Application for compressed hours rejected, my employer expects me to do 5 days work in 4 days and take a 20% cut in pay(10 Posts)
Is anyone able to offer any advice on this? In order to maintain my salary when I return from maternity leave in a couple of months time I was willing to cram 5 days work into 4 days by working longer hours, making myself available for calls on the 5th day and working in the evenings
My boss rejected this and said it would not be perceived well by the team as they would still really see me as doing 4 days work and not 5.
He knows that I am a hard worker and he said I could return on a 4 day p/week basis but with a 20% reduction in salary. I (in a roundabout way) asked what they would do to reduce my workload by 20% and his response was that the company is struggling at the moment and everyone is working at 120% at the moment and working long hours and although he did not say it I know he has no intention of reducing my workload.
I am pleased to be granted my 4 days (I really did not want to return to work 5 days) but I feel very abused that I have to take a pay cut but with no reduction in work load. Should I just shut up and do what I can or should I take it further Any advise please?? Thanks in advance.
If it is the kind of job where everyone ends up doing unpaid long hours anyway then I can kind of see his point, that it would appear to others that you are doing 80% of the work they are doing while getting the same pay.
Compressed hours only really works if you do set hours or are paid by the hour.
Unfortunately it does seem to be the case that part time workers in certain industries are expected to do a full time job. I certainly was pretty much doing a full time job in 3 days when i was part time. It was worth it though for the days off and retaining my status, i just had to learn to delegate and work more efficiently.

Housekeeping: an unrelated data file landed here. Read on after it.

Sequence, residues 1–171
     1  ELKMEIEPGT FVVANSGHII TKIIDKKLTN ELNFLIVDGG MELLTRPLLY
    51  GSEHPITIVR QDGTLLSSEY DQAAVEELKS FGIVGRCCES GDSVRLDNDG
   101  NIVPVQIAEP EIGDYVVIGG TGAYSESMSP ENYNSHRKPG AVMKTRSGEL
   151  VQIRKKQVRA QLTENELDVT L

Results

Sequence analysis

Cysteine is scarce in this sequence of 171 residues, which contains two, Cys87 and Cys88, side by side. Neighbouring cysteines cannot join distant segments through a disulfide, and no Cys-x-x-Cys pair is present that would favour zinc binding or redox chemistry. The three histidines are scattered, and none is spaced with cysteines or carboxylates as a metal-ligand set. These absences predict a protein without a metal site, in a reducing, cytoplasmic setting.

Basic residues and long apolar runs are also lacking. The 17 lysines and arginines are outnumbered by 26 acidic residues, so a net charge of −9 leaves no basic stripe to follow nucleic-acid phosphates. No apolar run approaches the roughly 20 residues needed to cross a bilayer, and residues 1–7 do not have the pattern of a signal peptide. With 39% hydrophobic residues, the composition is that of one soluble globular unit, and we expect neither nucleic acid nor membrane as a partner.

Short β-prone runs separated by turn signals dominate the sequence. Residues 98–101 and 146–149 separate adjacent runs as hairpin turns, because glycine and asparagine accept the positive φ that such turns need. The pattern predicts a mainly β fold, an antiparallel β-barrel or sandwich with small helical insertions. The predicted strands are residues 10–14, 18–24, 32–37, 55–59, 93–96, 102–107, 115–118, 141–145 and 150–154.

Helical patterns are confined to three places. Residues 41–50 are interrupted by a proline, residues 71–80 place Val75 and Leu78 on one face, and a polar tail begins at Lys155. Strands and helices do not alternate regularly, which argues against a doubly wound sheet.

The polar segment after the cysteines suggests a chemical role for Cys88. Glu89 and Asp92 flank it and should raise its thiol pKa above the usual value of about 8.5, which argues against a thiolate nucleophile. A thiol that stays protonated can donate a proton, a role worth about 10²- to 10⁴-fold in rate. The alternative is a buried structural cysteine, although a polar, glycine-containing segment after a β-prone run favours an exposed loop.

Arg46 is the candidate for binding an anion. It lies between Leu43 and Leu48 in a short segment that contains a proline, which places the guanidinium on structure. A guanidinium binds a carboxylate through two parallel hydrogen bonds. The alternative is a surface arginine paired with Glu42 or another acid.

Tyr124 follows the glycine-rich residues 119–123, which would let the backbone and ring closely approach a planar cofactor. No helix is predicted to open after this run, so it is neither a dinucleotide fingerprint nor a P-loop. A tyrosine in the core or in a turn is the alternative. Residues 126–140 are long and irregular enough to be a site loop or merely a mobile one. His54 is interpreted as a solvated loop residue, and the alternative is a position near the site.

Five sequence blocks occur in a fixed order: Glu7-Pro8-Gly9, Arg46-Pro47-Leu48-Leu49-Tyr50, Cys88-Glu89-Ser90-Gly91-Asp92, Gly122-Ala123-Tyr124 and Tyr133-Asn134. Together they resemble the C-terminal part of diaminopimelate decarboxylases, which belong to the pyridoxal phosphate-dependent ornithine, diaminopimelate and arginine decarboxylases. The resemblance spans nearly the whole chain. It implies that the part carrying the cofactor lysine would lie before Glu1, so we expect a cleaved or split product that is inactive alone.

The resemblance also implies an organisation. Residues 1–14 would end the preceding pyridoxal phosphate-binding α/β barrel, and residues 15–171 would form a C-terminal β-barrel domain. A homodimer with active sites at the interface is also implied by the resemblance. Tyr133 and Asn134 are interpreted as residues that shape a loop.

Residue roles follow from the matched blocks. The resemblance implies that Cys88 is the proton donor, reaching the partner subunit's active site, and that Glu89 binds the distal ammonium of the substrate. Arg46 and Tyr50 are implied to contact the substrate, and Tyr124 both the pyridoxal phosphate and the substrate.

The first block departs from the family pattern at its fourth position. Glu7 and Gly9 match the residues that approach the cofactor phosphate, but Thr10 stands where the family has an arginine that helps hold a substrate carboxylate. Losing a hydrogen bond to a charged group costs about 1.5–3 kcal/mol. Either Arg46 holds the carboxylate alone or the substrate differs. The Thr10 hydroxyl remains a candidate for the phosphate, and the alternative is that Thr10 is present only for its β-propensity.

Sorry that was probably not what you wanted to hear.
I had my application for compressed hours rejected for similar reasons - I'm in an industry where people often do come in early and leave late (though not every day, just around deadlines) and they said where they'd granted it in the past it had caused ill feeling in teams and complaints to HR.
I was lucky in the end in that I got part-time hours as a job share - not sure what advice to offer really
I do a 4 day week with reduced salary and do realise, especially in today's economy, that I probably do more than this through working at home, etc. But then again so do most FT people in my company as well.
There are a number of people who do do compressed hours but it doesn't sit comfortably with me, especially when I am penalised in other ways, holidays and bonuses etc.
I suppose there is a perception that you are still getting one day off more than most people even when working longer days.